Water tracing is a special method of investigation, usually used in karst aquifers. It is used to reveal information about underground connections, groundwater velocities, flow directions and aquifer properties. Water tracing simply involves 'tagging' water as it enters the karst system and monitoring possible exits to see where it re-emerges. The time taken for the tracer, and hence the water, to get from one point to the other is usually recorded.
Tracers such as chaff and sawdust have been used or centuries, but it was not until the 1870s, with the invention of uranine (fluorescein) that the first reliable, water soluble tracer occurred. Dyes are the principal and most successful tracers used today and are used in approximately 90% of all karst traces carried out worldwide. The main advantages to using fluorescent dyes are:
- They are cheap and readily available.
- They can be detected at concentrations up to 6 orders of magnitude lower than the visibility threshold (1 part per trillion is possible using a scanning spectrofluorometer).
- Charcoal grains adsorb the dye and can be left in the spring to safeguard against missing the dye in water sampling.
- As different fluorescent dyes each have separate emission wavelengths dyes can be simultaneously injected into the karst system and separately identified, yielding much more information with the same sampling time.
Four main groups of dye are commonly used today:
- optical brighteners
- green dyes
- orange dyes
- blue dyes.
GSI uses various different fluorescent dyes, often for simultaneous injection.
|Uranine dye being injected in a swallow hole near Ennis, County Clare.||Rhodamine dye being injected into a swallow hole in County Roscommon.|
Often is it not ideal for the dye to be visible at the outlet point (such as a public water supply source). The advantage of using fluorescent dyes is that they can be detected in water at concentrations far below visible concentrations. A fluorometer is used to analyse water samples for concentrations of the dye. They can measure the intensity of light at a selected wavelength from a water sample containing a fluorescent substance. As each dye emits light at a specific and unique wavelength , spectro-fluorometers are especially useful for differentiating different dyes in a single sample in a multi-trace experiment.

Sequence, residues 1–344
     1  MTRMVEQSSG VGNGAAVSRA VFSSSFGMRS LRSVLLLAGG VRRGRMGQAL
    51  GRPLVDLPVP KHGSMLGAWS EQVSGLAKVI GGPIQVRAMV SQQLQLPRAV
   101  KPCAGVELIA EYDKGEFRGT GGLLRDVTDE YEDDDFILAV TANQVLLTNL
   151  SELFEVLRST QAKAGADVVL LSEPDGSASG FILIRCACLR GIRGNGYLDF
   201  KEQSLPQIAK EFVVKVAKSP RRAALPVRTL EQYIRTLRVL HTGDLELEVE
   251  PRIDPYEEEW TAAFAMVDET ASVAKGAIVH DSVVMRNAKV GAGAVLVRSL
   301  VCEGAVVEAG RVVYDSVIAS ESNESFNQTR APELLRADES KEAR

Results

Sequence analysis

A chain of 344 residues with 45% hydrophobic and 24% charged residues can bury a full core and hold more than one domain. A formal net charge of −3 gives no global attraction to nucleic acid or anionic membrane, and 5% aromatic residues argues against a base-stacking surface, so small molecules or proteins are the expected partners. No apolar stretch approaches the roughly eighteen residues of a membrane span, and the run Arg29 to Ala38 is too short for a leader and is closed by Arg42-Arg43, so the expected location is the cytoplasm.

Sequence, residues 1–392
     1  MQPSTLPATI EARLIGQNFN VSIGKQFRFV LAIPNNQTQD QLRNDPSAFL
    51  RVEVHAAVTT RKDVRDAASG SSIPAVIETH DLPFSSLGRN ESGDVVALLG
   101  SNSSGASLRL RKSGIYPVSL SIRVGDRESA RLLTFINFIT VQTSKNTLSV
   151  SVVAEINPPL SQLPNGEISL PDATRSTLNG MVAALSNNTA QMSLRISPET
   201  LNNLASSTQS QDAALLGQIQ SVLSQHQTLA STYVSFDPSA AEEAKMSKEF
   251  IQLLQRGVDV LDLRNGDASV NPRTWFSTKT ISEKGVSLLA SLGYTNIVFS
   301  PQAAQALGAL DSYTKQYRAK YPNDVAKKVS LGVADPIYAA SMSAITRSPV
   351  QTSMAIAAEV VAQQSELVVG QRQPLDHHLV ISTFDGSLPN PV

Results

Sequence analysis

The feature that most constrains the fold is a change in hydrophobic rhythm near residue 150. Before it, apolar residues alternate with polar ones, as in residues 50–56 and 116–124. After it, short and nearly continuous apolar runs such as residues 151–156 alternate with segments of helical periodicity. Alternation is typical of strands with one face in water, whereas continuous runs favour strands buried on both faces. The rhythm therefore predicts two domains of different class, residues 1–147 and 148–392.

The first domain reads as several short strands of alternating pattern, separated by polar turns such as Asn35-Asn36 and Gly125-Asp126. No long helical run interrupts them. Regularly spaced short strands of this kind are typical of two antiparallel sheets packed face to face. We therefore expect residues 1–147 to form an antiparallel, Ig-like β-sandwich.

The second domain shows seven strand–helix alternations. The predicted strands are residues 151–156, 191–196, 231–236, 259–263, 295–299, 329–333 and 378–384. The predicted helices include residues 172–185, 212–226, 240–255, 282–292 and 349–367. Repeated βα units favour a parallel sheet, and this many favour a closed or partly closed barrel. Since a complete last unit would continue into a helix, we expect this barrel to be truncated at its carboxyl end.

GSI has a Cary Eclipse Scanning spectro-fluorophotometer, which is used to detect very low concentrations of dye (and other substances) in water and charcoal samples.
GSI also has three automatic field through-flow fluorometers (scanning spectro-fluorophotometers) and data loggers, which enable continuous monitoring of output locations at extremely high resolution (seconds) and are capable of continuously monitoring up to three different dyes, along with turbidity, temperature and electrical conductivity.
A Cary Eclipse Scanning spectro-fluorophotometer used for analyses of water samples for fluorescent dyes (and other substances).
A GGUN-FL30 field fluorometer and data logger in double waterproof housing.
A GGUN_FL30 continuous field fluorometer and data logger being set up at a spring, Lough Gur, County Limerick.